Cross-Reference Topical ResearchStrong's Concordance
like:

Matthew 6:21 For where your treasure is, there will your heart be also.
Proverbs 2:2-5 So that thou incline thine ear unto wisdom, [and] apply thine heart to understanding; ... Then shalt thou understand the fear of the LORD, and find the knowledge of God.
Proverbs 16:16 How much better [is it] to get wisdom than gold! and to get understanding rather to be chosen than silver!
Proverbs 17:16 Wherefore [is there] a price in the hand of a fool to get wisdom, seeing [he hath] no heart [to it]?
Proverbs 18:1 Through desire a man, having separated himself, seeketh [and] intermeddleth with all wisdom.
John 6:35 And Jesus said unto them, I am the bread of life: he that cometh to me shall never hunger; and he that believeth on me shall never thirst.
Romans 15:4 For whatsoever things were written aforetime were written for our learning, that we through patience and comfort of the scriptures might have hope.
1 Corinthians 2:9-10 But as it is written, Eye hath not seen, nor ear heard, neither have entered into the heart of man, the things which God hath prepared for them that love him. ... But God hath revealed [them] unto us by his Spirit: for the Spirit searcheth all things, yea, the deep things of God.
Colossians 2:3 In whom are hid all the treasures of wisdom and knowledge.
Colossians 3:3-4 For ye are dead, and your life is hid with Christ in God. ... When Christ, [who is] our life, shall appear, then shall ye also appear with him in glory.
Colossians 3:16 Let the word of Christ dwell in you richly in all wisdom; teaching and admonishing one another in psalms and hymns and spiritual songs, singing with grace in your hearts to the Lord.

for joy:

Matthew 19:21 Jesus said unto him, If thou wilt be perfect, go [and] sell that thou hast, and give to the poor, and thou shalt have treasure in heaven: and come [and] follow me.
Matthew 19:27 Then answered Peter and said unto him, Behold, we have forsaken all, and followed thee; what shall we have therefore?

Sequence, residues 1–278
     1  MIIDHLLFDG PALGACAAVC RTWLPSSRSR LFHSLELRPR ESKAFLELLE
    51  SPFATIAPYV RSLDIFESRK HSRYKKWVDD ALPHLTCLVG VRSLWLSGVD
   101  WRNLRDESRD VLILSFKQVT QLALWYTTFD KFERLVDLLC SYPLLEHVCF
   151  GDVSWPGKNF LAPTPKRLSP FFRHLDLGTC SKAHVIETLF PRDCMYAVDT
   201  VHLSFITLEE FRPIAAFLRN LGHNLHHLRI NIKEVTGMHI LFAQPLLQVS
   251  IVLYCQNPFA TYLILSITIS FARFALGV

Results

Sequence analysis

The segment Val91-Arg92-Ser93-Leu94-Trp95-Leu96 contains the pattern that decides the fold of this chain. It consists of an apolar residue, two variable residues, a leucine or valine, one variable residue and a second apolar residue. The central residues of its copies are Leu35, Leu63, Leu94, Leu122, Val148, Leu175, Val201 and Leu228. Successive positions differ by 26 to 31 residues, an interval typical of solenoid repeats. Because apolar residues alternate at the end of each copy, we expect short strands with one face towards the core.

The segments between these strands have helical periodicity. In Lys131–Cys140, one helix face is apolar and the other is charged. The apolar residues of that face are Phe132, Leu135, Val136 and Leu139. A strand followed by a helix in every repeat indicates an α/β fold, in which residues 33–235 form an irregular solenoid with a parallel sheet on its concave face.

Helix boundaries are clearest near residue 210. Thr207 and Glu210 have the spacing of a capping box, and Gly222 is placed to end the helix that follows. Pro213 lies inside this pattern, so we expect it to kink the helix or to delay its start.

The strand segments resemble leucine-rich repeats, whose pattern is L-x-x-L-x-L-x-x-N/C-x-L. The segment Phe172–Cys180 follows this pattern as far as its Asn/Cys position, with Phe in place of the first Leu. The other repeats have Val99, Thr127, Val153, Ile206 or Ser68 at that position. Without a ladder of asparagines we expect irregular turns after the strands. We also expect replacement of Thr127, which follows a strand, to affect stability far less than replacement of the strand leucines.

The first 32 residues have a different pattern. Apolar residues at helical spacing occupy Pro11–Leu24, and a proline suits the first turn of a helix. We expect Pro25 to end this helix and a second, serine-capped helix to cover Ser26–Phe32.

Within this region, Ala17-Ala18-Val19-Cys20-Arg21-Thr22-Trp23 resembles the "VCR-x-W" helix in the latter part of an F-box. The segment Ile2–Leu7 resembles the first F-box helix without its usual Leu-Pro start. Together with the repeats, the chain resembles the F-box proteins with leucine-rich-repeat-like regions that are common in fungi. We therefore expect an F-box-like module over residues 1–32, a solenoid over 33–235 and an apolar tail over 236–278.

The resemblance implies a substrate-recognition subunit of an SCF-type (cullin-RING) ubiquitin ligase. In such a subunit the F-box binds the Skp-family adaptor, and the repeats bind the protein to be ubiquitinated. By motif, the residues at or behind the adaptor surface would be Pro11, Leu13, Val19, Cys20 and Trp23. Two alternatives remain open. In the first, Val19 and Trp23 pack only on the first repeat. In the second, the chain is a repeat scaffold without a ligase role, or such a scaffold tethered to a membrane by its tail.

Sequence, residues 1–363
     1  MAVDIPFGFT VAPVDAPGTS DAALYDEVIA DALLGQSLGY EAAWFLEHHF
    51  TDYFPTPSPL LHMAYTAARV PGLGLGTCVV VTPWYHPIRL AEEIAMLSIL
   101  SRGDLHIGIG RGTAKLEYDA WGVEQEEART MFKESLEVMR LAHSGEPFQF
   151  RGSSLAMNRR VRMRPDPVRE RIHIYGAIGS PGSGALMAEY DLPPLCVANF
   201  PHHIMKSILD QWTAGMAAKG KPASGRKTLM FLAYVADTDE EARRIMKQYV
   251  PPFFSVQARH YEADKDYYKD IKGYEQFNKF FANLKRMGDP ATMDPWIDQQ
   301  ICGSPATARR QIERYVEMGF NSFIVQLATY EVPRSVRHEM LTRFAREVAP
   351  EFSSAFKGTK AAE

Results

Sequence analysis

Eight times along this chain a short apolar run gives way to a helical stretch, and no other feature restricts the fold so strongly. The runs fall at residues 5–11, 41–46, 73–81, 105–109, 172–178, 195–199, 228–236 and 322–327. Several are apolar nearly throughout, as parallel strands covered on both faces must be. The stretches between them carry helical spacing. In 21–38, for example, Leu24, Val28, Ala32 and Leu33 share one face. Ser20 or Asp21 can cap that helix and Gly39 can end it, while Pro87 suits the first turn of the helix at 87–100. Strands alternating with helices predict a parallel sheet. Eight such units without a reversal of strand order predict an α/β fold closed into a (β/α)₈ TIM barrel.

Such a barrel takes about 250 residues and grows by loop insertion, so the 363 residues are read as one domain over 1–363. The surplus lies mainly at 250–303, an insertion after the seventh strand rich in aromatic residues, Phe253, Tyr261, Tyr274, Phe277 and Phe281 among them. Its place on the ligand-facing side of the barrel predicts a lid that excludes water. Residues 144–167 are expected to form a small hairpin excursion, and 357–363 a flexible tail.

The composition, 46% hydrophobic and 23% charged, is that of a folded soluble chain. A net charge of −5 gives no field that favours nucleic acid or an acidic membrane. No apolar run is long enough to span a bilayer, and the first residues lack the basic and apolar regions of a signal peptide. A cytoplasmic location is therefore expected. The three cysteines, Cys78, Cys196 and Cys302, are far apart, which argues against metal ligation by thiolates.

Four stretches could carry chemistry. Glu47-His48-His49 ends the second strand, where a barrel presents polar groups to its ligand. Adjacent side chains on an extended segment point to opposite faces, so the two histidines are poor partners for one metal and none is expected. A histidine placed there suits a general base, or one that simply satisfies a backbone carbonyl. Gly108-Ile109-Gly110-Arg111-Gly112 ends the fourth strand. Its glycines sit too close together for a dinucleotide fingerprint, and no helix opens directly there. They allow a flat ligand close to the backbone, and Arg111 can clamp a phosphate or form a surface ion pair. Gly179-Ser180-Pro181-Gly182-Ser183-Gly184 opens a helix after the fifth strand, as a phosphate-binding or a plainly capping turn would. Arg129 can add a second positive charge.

Matthew 19:29 And every one that hath forsaken houses, or brethren, or sisters, or father, or mother, or wife, or children, or lands, for my name's sake, shall receive an hundredfold, and shall inherit everlasting life.
Luke 14:33 So likewise, whosoever he be of you that forsaketh not all that he hath, he cannot be my disciple.
Luke 18:23-24 And when he heard this, he was very sorrowful: for he was very rich. ... And when Jesus saw that he was very sorrowful, he said, How hardly shall they that have riches enter into the kingdom of God!
Luke 19:6-8 And he made haste, and came down, and received him joyfully. ... And Zacchaeus stood, and said unto the Lord; Behold, Lord, the half of my goods I give to the poor; and if I have taken any thing from any man by false accusation, I restore [him] fourfold.
Acts 2:44-47 And all that believed were together, and had all things common; ... Praising God, and having favour with all the people. And the Lord added to the church daily such as should be saved.
Acts 4:32-35 And the multitude of them that believed were of one heart and of one soul: neither said any [of them] that ought of the things which he possessed was his own; but they had all things common. ... And laid [them] down at the apostles' feet: and distribution was made unto every man according as he had need.
Philippians 3:7-9 But what things were gain to me, those I counted loss for Christ. ... And be found in him, not having mine own righteousness, which is of the law, but that which is through the faith of Christ, the righteousness which is of God by faith:
Hebrews 10:34 For ye had compassion of me in my bonds, and took joyfully the spoiling of your goods, knowing in yourselves that ye have in heaven a better and an enduring substance.
Hebrews 11:24-26 By faith Moses, when he was come to years, refused to be called the son of Pharaoh's daughter; ... Esteeming the reproach of Christ greater riches than the treasures in Egypt: for he had respect unto the recompence of the reward.

buyeth:

Proverbs 23:23 Buy the truth, and sell [it] not; [also] wisdom, and instruction, and understanding.
Isaiah 55:1 Ho, every one that thirsteth, come ye to the waters, and he that hath no money; come ye, buy, and eat; yea, come, buy wine and milk without money and without price.
Revelation 3:18 I counsel thee to buy of me gold tried in the fire, that thou mayest be rich; and white raiment, that thou mayest be clothed, and [that] the shame of thy nakedness do not appear; and anoint thine eyes with eyesalve, that thou mayest see.
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Chain-Reference Bible Search

Pv 2:2; 16:16; 17:16; 18:1; 23:23. Is 55:1. Mt 6:21; 19:21, 27, 29. Lk 14:33; 18:23; 19:6. Jn 6:35. Ac 2:44; 4:32. Ro 15:4. 1Co 2:9. Php 3:7. Col 2:3; 3:3, 16. He 10:34; 11:24. Rv 3:18.